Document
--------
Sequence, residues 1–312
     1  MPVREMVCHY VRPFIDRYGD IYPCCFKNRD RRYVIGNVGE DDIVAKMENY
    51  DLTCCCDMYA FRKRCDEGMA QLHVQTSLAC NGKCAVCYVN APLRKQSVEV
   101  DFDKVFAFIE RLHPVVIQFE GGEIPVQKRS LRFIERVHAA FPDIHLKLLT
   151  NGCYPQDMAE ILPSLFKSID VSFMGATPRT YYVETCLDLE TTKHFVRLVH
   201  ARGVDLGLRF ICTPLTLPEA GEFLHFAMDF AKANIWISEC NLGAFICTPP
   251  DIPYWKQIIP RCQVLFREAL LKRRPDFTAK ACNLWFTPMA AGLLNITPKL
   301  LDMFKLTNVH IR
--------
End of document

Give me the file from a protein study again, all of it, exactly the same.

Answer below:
Sequence, residues 1–312
     1  MPVREMVCHY VRPFIDRYGD IYPCCFKNRD RRYVIGNVGE DDIVAKMENY
    51  DLTCCCDMYA FRKRCDEGMA QLHVQTSLAC NGKCAVCYVN APLRKQSVEV
   101  DFDKVFAFIE RLHPVVIQFE GGEIPVQKRS LRFIERVHAA FPDIHLKLLT
   151  NGCYPQDMAE ILPSLFKSID VSFMGATPRT YYVETCLDLE TTKHFVRLVH
   201  ARGVDLGLRF ICTPLTLPEA GEFLHFAMDF AKANIWISEC NLGAFICTPP
   251  DIPYWKQIIP RCQVLFREAL LKRRPDFTAK ACNLWFTPMA AGLLNITPKL
   301  LDMFKLTNVH IR